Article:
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Message from our CEO: Mourning the loss of an icon

On Friday night, at the start of Rosh Hashanah, U.S. Supreme Court Justice Ruth Bader Ginsburg died at the age of 87. She was the second woman to serve on the U.S. Supreme Court, and one of eight Jewish justices to ever serve on the Court. She was a fierce advocate for equal rights during her celebrated career as an attorney, law professor and justice.

Justice Ginsburg was especially known for her advocacy for gender equity, and it isn’t an overstatement to say that she changed the way the law treats American women. For more than a decade, until she was appointed a judge in 1980, she led the fight in the courts for gender equality. When she started the law treated women differently from men. Hundreds of state and federal laws restricted what women could do, barring them from jobs, rights and even from jury service. By the time she became a judge, Ginsburg had successfully challenged many of these inequities.

To give you a sense of the times – when Justice Ginsburg went to law school, she was one of only 9 women in a class of more than 500.  The dean asked her why she was taking up a place that “should go to a man.”

She was an academic star and graduated at the top of her law school class.  But she could not find a job after graduation – she was recommended for a Supreme Court clerkship but wasn’t even interviewed. Eventually one of her mentors helped her get a judicial clerkship.

She went on to teach at Rutgers Law School, where she began her work fighting gender discrimination.  She was a tireless advocate for equal justice under law, winning several seminal sex discrimination cases before the Supreme Court that guaranteed equal protection regardless of gender.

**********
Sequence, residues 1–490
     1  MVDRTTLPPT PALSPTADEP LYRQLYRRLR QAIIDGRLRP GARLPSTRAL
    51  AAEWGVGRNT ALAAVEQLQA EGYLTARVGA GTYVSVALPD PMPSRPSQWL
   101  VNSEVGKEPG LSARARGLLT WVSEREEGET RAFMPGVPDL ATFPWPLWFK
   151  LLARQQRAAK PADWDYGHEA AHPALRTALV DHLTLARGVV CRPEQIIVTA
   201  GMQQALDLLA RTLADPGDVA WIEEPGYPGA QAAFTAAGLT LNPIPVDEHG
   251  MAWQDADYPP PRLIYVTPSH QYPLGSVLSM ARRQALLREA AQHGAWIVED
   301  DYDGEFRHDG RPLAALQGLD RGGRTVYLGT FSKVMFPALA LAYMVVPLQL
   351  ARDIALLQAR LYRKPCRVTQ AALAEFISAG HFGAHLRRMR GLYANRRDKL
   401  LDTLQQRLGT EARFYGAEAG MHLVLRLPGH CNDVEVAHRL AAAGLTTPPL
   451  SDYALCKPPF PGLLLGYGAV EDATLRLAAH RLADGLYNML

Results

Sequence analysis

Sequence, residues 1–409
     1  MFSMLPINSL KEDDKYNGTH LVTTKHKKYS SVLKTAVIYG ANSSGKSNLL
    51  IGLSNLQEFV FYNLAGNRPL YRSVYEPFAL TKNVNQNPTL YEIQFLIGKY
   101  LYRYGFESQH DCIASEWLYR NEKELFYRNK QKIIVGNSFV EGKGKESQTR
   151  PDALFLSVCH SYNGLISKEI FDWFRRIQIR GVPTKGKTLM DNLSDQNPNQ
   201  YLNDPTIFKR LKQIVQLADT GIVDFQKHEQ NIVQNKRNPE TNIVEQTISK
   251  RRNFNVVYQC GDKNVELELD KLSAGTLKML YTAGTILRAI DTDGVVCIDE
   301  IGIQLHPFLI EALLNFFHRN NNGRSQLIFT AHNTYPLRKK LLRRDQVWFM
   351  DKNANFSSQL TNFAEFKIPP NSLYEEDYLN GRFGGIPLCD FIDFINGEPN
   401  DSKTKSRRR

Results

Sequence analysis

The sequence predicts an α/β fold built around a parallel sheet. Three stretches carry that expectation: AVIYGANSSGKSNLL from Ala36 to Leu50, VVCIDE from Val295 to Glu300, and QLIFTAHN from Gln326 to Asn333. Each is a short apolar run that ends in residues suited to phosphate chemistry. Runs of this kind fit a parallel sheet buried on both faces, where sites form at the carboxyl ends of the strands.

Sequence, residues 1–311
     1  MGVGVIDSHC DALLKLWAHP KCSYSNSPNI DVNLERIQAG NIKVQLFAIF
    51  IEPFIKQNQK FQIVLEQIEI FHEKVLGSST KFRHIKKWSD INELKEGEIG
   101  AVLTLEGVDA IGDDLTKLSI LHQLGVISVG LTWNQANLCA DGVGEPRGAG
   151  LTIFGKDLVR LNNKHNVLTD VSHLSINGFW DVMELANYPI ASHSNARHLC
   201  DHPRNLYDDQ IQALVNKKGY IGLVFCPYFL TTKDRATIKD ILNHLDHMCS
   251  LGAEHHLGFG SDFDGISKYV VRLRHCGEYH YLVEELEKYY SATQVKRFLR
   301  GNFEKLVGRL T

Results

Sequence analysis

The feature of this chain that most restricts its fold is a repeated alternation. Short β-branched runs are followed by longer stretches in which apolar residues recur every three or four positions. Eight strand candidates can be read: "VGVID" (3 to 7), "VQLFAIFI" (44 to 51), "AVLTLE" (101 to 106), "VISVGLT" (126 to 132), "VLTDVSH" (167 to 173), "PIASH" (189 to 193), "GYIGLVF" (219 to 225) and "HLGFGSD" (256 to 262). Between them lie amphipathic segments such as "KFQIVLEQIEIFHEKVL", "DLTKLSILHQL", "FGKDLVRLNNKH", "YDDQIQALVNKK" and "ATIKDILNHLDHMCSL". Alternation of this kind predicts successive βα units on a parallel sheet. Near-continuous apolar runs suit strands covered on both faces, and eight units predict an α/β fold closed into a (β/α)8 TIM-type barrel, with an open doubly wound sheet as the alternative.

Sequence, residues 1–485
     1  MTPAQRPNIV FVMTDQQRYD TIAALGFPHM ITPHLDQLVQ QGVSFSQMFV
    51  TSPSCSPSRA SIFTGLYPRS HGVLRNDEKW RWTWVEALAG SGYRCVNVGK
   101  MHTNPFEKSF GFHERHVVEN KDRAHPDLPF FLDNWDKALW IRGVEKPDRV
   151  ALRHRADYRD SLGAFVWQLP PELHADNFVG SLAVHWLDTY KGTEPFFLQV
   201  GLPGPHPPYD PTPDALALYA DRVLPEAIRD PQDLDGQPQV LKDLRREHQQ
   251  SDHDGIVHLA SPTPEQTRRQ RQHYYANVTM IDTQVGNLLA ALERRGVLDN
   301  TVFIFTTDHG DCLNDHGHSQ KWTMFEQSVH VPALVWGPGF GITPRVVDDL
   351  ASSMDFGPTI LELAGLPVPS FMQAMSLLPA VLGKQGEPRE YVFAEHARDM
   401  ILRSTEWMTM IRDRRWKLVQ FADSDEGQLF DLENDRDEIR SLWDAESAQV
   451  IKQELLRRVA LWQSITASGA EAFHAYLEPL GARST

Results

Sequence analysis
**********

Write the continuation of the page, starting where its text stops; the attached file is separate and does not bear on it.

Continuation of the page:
While known as a champion for women’s rights, her record on racial justice issues was also notable.  As one example, her powerful dissent in Shelby County v Holder was a strong rebuke to the majority’s position that Section 5 of the Voting Rights Act was no longer needed, and she rightly predicted that the ruling would lead to wide-scale voter suppression. In her dissent, she warned that “[r]ace-based voting discrimination still exists” and cautioned that gutting the Act’s protections against voting discrimination was “like throwing away your umbrella in a rainstorm because you are not getting wet.”

Justice Ginsburg’s fight for justice was fueled by her Jewish heritage and the Holocaust.  Her words in a speech at the U.S. Holocaust Memorial Museum in 2004 make this clear:

“The demand for justice runs through the entirety of Jewish history and Jewish tradition. I take pride in and draw strength from my heritage, as signs in my chambers attest: a large silver mezuzah on my door post, [a] gift from the Shulamith School for Girls in Brooklyn; on three walls, in artists’ renditions of Hebrew letters, the command from Deuteronomy: ‘Zedek, zedek, tirdof’ — ‘Justice, justice shall you pursue’.” 

 “. . . . The Passover story we retell is replete with miracles. But unlike our ancestors in their Exodus from Egypt, our way is unlikely to be advanced by miraculous occurrences. In striving to drain dry the waters of prejudice and oppression, we must rely on measures of our own creation — upon the wisdom of our laws and the decency of our institutions, upon our reasoning minds and our feeling hearts. And as a constant spark to carry on, upon our vivid memories of the evils we wish to banish from our world. In our long struggle for a more just world, our memories are among our most powerful resources.  May the memory of those who perished [in the Holocaust] remain vibrant to all who dwell in this fair land, people of every color and creed. May that memory strengthen our resolve to aid those at home and abroad who suffer from injustice born of ignorance and intolerance, to combat crimes that stem from racism and prejudice, and to remain ever engaged in the quest for democracy and respect for the human dignity of all the world’s people.”

Justice Ginsburg was a role model to generations of women, and an inspiration to countless lawyers and others fighting to make our country more equitable. She leaves a tremendous legacy of service, persistence, brilliance, and civility.

We have lost another icon. We must take time to honor her life and contributions and recommit to the fight for equal justice to which she devoted so much of her life.

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